Posted: 2:01 am ET
Updated: 1:51 pm PT for clarity and a new hashtag
Updated: August 5, 10:17 am PT
Updated: 12:07 pm PT
Update: August 5, 10:17 am PT: The FLO website now has a new August 4 update that says: “The Secretary approved an exemption to the hiring freeze that will allow the Department to fill a number of priority EFM positions that are currently vacant. This exemption gives posts authority to fill critical vacancies supporting security, safety and health responsibilities.” This update has no time stamp but must have come out late on August 4.
We understand that this change relates to CLO coordinator positions at Community Liaison Offices. Embassies (USG has 170 of them) and some Consulates General have one CLO, or have two individuals sharing the position as co-CLOs. We believed that a certain number of CLO positions, not all, were made vacant in the winter and the current rotation cycle of personnel. What we don’t know yet is if Tillerson’s exemption is specific to CLO vacancies only, and if that’s the case, how many positions are actually affected.” End update.
Update: 12:07 pm PT: We’re hearing some other EFM exemptions including consular positions are also being approved but we don’t have clarity on all exempted positions or how many. End Update.
According to the FLO website, the Department of State’s current hiring freeze guidance “remains in effect, including with respect to hiring under a Family Member Appointment (FMA) or Temporary Appointment.”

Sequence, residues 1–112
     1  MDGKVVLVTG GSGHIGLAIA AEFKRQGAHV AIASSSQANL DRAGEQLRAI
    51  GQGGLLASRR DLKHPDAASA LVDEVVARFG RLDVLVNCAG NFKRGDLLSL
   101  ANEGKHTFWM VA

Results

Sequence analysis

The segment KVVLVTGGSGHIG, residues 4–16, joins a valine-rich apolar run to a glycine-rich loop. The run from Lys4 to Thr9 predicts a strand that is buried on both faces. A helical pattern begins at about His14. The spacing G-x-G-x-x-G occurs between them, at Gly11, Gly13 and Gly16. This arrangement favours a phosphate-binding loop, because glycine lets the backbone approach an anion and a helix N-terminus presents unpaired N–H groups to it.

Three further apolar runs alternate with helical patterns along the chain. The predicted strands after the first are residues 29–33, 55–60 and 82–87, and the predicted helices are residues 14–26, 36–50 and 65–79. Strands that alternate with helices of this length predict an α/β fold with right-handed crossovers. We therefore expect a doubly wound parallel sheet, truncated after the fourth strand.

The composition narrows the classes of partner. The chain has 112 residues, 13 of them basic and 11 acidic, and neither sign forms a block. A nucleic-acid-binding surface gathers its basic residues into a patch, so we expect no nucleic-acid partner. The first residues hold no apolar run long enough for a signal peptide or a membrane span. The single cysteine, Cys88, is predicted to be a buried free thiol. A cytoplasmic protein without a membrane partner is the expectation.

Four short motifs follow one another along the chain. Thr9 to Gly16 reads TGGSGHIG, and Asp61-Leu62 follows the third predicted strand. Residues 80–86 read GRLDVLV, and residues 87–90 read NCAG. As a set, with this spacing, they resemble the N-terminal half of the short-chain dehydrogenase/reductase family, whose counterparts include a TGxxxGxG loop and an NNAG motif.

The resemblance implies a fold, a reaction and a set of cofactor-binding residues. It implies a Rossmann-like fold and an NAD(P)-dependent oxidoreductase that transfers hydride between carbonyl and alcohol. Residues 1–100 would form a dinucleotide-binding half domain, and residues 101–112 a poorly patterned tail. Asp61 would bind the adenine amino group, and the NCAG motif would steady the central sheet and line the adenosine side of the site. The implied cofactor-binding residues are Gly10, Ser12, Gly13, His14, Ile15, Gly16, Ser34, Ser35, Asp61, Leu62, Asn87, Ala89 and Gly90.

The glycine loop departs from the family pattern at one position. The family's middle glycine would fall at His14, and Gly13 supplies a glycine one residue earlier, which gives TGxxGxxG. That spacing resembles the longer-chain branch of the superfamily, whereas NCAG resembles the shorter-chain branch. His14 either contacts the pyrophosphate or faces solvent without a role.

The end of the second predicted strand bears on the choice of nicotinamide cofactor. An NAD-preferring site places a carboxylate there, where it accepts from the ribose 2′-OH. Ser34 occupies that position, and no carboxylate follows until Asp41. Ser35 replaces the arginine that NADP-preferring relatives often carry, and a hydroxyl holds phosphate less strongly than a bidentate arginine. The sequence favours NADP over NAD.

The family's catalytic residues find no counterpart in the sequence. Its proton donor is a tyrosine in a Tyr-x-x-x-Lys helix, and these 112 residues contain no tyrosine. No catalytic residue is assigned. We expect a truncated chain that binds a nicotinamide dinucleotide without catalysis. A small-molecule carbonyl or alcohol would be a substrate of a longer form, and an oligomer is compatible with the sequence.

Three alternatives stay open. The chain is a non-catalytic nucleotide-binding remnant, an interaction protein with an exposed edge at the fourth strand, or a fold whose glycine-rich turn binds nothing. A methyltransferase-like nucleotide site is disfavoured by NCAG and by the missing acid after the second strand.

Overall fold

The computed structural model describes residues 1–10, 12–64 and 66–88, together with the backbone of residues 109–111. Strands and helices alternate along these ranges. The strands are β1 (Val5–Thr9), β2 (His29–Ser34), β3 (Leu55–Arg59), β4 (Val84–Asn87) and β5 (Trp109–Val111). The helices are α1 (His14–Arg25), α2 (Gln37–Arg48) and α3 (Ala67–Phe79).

It also says that Eligible Family Members may continue to apply for any advertised position for which they feel they are qualified and the hiring preference will be applied during the process. However, Appointment Eligible Family Members (AEFM) cannot be offered a position at this time due to the freeze on FMA and temporary appointments.
The stats below is from April 2017. It indicates that 6% or 743 EFMs are pending due the clearance process or the hiring freeze. Even if the security clearance process is done, now that the hiring freeze remains in place, is anyone going anywhere? Of EFMs in South Central Asia, 10% are pending, the highest percentage in the geographic bureaus (SCA includes posts like Afghanistan, Bangladesh, Kazakhstan, Pakistan, Sri Lanka and India). In terms of actual numbers, EUR and WHA have much larger family member population, and they are at 6% and 5% respectively.
Since the 6% will not be able to work unless the freeze is lifted by Secretary Tillerson or the EFMs are issued waivers, the “Not Employed” Foreign Service family members below is not 56% (6,695) but actually 62% (7,438).
Posted: 3:11 am ET
The GAO recently released its review of the State Department policies and procedures for evacuating overseas posts. The report notes that from October 2012 to September 2016, the State Department evacuated overseas post staff and family members from 23 overseas posts. The evacuation was in response to various threats, such as terrorism, civil unrest, and natural disasters. Overseas posts undergoing evacuations generally have three types of movement: authorized departure (voluntary), ordered departure (mandatory) of specific post staff or family members, and suspended operations (closure).
The report also note that in fiscal years 2010 through 2016, State’s reported costs associated with evacuating from posts on 53 occasions were roughly $25.5 million.
“According to State officials, costs associated with evacuations varied due to several factors, including the number of post staff and family members evacuated. In fiscal year 2014, costs associated with evacuating Embassy Maseru in Lesotho were roughly $20,000, while in the same year, costs associated with evacuating Embassy Sana’a in Yemen were roughly $1.9 million.”